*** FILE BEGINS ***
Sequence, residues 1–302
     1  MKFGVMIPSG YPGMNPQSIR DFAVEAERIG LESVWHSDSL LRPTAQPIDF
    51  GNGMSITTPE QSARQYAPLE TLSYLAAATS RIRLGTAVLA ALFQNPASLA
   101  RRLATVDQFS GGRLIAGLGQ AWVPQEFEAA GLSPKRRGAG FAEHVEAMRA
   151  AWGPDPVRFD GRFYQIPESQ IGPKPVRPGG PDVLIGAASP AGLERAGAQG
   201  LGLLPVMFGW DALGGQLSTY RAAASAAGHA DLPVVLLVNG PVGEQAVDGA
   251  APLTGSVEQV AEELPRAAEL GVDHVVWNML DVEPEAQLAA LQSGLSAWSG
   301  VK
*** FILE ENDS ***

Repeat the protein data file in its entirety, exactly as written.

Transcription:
Sequence, residues 1–302
     1  MKFGVMIPSG YPGMNPQSIR DFAVEAERIG LESVWHSDSL LRPTAQPIDF
    51  GNGMSITTPE QSARQYAPLE TLSYLAAATS RIRLGTAVLA ALFQNPASLA
   101  RRLATVDQFS GGRLIAGLGQ AWVPQEFEAA GLSPKRRGAG FAEHVEAMRA
   151  AWGPDPVRFD GRFYQIPESQ IGPKPVRPGG PDVLIGAASP AGLERAGAQG
   201  LGLLPVMFGW DALGGQLSTY RAAASAAGHA DLPVVLLVNG PVGEQAVDGA
   251  APLTGSVEQV AEELPRAAEL GVDHVVWNML DVEPEAQLAA LQSGLSAWSG
   301  VK